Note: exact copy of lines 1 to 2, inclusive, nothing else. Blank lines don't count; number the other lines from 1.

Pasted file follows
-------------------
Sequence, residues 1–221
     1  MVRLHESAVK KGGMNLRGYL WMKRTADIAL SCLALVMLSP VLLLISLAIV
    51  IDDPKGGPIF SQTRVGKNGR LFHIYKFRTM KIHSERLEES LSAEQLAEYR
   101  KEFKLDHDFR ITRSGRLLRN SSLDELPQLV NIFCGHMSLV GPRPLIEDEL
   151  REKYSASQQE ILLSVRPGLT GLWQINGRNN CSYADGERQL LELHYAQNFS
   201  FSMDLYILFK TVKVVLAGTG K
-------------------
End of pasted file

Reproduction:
Sequence, residues 1–221
     1  MVRLHESAVK KGGMNLRGYL WMKRTADIAL SCLALVMLSP VLLLISLAIV